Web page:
Ad campaign launched as polling shows Australians back voice

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Indigenous Australians Minister Linda Burney is encouraged by polling showing solid support for a voice to parliament.

The Resolve Political Monitor poll, conducted for the Nine newspapers, found 64 per cent approval for the draft working of the voice.

Support was weakest in Queensland (59 per cent) and strongest in Tasmania (73 per cent).

The poll came as an emotive television advertisement – the History Is Calling campaign – was launched on Monday by the architects of the Uluru statement to encourage Australians to vote for constitutional change.

It is the first TV ad launched by advocates after Prime Minister Anthony Albanese announced a referendum would be held in this term of parliament.

The ad stars Pitjantjatjara and Nyungar man Trevor Jamieson, who tells a group of children sitting around a campfire in the desert how everyday Australians helped First Nations people achieve a voice to parliament.

It depicts conversations between tradies, rugby players, dancers and a family sitting around a kitchen table.

Ms Burney said the poll result was “great news” and praised the advertising campaign as “extraordinary”.

“It says that Australians believe in fairness and decency and understand that things have to improve for First Nations people,” she told ABC radio on Monday.

The government has proposed adding three sentences to the constitution outlining the creation of a body which would represent Aboriginal and Torres Strait Islander peoples.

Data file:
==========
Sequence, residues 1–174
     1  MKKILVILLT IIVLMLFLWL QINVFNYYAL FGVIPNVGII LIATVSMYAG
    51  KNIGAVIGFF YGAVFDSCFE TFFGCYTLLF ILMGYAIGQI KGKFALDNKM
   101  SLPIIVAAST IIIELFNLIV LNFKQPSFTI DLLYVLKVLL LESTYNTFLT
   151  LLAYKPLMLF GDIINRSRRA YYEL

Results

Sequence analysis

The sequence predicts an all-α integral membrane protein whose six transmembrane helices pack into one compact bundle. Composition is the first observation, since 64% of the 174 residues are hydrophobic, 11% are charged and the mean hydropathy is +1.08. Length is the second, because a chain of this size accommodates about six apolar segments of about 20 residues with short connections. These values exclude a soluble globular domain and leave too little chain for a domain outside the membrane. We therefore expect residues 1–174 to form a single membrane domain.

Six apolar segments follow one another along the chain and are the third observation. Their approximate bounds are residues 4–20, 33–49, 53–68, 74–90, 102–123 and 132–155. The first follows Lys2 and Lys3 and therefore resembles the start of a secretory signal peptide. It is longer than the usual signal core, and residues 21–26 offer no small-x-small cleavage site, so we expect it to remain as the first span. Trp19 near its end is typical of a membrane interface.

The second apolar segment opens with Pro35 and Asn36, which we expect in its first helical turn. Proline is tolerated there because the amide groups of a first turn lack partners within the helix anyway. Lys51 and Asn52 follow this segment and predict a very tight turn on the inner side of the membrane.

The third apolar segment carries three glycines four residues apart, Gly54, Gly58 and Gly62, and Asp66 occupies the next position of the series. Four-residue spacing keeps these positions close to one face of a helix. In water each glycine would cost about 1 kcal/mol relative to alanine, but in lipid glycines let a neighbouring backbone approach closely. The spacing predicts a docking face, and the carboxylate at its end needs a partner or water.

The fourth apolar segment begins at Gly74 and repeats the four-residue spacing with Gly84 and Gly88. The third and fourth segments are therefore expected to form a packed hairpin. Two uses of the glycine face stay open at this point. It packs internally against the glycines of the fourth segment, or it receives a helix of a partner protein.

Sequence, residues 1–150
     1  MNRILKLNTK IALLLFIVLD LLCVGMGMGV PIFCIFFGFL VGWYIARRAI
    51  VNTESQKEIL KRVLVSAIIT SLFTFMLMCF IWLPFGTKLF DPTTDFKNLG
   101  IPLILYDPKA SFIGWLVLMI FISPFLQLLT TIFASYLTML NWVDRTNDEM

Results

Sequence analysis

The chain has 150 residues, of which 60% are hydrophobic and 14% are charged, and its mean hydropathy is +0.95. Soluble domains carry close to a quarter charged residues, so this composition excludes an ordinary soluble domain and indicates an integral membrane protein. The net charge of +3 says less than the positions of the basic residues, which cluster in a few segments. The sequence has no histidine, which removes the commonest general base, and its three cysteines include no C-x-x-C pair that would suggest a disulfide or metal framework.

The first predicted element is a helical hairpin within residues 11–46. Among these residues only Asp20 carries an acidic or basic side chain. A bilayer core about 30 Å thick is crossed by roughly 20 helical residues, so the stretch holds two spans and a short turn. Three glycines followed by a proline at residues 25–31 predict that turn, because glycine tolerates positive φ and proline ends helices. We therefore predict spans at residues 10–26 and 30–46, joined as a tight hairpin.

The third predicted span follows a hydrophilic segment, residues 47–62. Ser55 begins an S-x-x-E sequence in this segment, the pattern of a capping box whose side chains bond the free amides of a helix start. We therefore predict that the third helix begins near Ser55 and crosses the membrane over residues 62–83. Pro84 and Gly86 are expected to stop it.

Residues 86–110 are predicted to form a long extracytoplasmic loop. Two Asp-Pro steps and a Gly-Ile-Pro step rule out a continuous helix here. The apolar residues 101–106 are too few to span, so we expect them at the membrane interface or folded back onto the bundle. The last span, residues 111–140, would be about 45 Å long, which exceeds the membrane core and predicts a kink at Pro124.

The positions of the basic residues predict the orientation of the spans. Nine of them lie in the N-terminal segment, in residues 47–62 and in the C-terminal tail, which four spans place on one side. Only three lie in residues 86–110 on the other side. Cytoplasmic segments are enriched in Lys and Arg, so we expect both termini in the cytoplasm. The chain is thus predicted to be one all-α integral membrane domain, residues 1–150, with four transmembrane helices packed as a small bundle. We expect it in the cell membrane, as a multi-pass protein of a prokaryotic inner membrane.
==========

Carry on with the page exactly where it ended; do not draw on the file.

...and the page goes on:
It would advise parliament and the government on matters relating to Indigenous people but would be “subservient” to legislation.

The government is working with First Nations leaders to determine the timing for a successful referendum and the public information needed for it to pass.

Asked why a voice was needed when Indigenous people could be consulted without it, Ms Burney said it would be a “permanent voice entrenched in the constitution”.

“It will be a voice that will advise the parliament, not just government, but the parliament,” she said.

“So there will be a point of advice, consultation, negotiation, that people are aware of – it won’t be the sort of scattergun approach that sometimes can happen.”

She said one of the greatest challenges facing Indigenous people was housing and a voice could have a practical impact on better outcomes in this area.

-with AAP

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